The story is still in preparation. In the meantime some detail and photographs below.
Present day Darbys Falls is noted on the upper left side of this cadastral map. However this location dates only from the mid 188os when the Darbys Falls school was established at the site of Daley’s Springs. The original Darbys Falls is also noted on this map….in the lower right hand corner near the junction of Milburn creek and the Lachlan River.
The First Darbys Fall or Falls.
The first of the two early settlers at and around the site of the first Darbys Falls was Edmund Markham (1802 -1866)(“Mangles” 1822) in the very early 1830s. The precise date and circumstances are unknown though it is likely that he arrived there in 1830 shortly after resigning his short membership of the Sydney Police. The other early settler, at about the same time was Nicholas Jordan (1795-1871)(“Boyne” 1826) who later, probably after 1841, took up land in his own name surrounding the area set aside for a “Village Reserve” (See Box below) This is the area which later was designated Darbys Falls. See “Who was first – Jordan or Markham?”
The earliest reference I have found to the location, described as Darbys Fall, not Falls, was in the Bathurst Free Press of 14 November 1861, referring to the area of the junction of Milburn Creek with the Lachlan River.:“……….at the lower end where the two channels join again, the River can be crossed with a dray at what is called Darby’s Fall. The banks are very straight and steep, probably some 25 or 30 feet. “
While there is no evidence that any Crown facilities were erected there, it appears to have been the point where travellers could cross the Lachlan. The origin of the name is unknown, though the use of the term “Darbys Fall” may suggest a fall from the so called cliff opposite the crossing. On the other hand, the term “Darbys Falls” suggests a waterfall, a feature not evident there today?Nicholas Jordan’s eldest son J N J Jordan, (1833-1917) and born on Milburn Creek, and whose home was adjacent to the crossing, was the first postmaster. My father wrote some years ago that “….he was the first Postmaster and that the Post Office was opened at the Rusty Hut on July 1st 1875 and later moved to what is known as ‘Jack Anthony’s Place”.”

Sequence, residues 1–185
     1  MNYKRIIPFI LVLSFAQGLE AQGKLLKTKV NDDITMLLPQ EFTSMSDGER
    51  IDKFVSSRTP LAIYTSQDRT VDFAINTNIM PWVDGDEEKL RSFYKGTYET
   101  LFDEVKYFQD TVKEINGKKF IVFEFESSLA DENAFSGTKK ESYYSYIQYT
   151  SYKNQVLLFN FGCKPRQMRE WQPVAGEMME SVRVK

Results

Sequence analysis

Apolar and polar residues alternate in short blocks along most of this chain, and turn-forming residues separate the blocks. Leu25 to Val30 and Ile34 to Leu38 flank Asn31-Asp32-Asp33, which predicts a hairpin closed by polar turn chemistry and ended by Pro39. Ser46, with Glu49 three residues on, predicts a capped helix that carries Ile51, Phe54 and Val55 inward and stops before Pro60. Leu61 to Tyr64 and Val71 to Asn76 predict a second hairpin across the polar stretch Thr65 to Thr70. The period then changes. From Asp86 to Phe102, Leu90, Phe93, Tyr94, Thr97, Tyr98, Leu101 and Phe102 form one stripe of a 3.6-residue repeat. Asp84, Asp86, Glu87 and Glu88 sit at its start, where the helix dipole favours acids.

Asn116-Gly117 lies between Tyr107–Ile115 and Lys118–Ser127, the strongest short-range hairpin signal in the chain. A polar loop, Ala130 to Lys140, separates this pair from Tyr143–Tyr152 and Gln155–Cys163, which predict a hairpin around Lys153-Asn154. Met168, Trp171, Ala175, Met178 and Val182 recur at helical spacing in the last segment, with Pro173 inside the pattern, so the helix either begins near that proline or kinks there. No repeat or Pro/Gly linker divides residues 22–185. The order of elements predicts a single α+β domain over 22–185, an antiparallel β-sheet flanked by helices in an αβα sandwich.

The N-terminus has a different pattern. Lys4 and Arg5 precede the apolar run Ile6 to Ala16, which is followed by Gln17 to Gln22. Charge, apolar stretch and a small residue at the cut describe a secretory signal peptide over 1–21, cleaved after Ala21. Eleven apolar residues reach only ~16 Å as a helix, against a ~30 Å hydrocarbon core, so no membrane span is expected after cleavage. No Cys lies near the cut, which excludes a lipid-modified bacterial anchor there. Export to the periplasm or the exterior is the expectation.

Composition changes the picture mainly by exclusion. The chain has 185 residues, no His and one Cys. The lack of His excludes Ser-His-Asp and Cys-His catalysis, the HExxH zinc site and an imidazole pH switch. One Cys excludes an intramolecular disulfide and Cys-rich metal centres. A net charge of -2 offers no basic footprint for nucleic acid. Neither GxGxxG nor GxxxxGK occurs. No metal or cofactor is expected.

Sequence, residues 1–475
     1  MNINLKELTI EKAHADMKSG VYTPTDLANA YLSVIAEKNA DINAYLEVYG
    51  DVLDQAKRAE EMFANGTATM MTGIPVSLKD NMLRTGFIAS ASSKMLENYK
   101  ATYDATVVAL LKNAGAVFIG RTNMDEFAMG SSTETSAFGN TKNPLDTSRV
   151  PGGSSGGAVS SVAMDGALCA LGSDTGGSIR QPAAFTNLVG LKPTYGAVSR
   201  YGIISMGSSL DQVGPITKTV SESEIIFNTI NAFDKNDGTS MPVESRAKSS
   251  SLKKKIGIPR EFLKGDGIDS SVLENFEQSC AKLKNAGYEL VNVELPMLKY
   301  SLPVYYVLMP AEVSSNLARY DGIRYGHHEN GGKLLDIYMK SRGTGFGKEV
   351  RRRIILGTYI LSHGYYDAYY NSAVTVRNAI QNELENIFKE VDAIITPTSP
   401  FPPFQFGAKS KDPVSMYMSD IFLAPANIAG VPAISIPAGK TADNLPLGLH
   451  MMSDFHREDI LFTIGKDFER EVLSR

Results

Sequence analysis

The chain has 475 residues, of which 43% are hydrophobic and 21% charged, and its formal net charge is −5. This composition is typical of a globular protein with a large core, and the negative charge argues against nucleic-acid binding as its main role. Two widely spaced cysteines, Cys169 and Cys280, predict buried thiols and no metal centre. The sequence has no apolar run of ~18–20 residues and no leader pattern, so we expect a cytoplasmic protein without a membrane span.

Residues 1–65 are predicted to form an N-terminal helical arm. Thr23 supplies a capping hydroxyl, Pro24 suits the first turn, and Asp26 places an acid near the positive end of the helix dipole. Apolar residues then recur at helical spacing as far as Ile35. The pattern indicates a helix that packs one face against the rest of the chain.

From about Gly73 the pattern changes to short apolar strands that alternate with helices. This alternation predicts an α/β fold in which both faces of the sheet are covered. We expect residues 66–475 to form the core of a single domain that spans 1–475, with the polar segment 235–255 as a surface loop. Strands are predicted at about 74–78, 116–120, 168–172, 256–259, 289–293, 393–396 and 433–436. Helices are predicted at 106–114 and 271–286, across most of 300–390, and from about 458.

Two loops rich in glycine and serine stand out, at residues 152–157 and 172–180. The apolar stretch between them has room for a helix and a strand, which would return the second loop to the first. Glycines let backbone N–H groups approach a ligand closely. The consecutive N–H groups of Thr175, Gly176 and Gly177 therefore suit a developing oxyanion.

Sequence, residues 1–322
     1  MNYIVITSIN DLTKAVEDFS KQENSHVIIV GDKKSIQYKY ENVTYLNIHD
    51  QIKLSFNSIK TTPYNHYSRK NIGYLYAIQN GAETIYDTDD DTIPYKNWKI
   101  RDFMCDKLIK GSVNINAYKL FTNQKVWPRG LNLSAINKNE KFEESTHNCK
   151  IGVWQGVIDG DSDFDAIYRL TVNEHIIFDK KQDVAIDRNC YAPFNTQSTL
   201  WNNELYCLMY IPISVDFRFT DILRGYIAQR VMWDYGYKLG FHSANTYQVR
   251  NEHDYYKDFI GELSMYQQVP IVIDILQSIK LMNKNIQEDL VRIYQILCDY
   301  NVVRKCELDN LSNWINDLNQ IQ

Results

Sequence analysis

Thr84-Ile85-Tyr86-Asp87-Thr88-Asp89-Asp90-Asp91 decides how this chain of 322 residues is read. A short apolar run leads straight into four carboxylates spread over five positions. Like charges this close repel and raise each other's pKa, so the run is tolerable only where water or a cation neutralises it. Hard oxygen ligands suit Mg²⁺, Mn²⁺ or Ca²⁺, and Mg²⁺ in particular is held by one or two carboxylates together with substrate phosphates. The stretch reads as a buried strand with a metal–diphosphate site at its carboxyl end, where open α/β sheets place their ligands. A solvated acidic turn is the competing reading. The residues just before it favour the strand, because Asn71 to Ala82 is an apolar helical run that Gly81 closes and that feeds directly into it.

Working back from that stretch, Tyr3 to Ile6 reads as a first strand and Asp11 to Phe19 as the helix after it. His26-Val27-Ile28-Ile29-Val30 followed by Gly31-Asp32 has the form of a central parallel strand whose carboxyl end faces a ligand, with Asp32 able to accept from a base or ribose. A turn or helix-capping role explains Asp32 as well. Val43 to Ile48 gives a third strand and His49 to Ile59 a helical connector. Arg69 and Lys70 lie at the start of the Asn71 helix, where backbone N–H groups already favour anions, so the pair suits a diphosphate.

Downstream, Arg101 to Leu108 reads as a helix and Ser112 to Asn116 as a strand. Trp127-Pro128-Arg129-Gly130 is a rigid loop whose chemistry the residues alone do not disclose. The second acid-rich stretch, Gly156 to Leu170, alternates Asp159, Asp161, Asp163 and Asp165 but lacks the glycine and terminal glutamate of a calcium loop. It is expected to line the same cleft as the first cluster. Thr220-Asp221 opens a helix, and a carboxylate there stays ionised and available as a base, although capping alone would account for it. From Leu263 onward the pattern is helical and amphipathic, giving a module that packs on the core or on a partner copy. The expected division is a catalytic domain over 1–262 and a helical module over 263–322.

The only other reference to Jordan as Postmaster or to the Post Office, was the Bathurst Free Press in 1878 reporting a case re money stolen by a local youth from mail originating from Jordan’s Darbys Falls Post Office.
George Elliot, whose memories of Darbys Falls are recorded elsewhere on this website, wrote of the original Darbys Falls:
The name of Darbys Falls is the most controversial thing that people think about, but really the name was quite simple and how it happened was quite simple. I told you of the road that went out to Bill Dawsons, the road that turns off up the river, right down near the river, turns off to the left where Bill Dawsons used to live, down near the creek. This is how the name derived. You follow that road up but half way to Milburn Creek and there’s another road that turns, it’s laned off now and runs down to the river. Now this road used to cross the river there and there was a gravel bed across the river, and the river was fairly wide and fairly shallow and this gravel bed got known as Darbys Falls. It was a fan in the river but this ridge of gravel used to run across the river and people used to cross the river and go up the old road which went up to Cowards and came out up at the Buckup. The Buckup is the ridge about two miles from the bridge on the main road to Wyangala Dam. Now this crossing was known as I said as Darbys Falls. There was a Telephone Office first installed just on the left hand side of the road going down to the river from Darbys. just near the crossing and became Darbys Falls Post Office. It was later transferred up to Jack Anthonys area, up to the turn-off to Mt McDonald and still was considered to be Darbys Falls Post Office. Eventually the Post Office was transferred in to the village and became Darbys Falls. That is the story that I was told by some of the very old people of the area.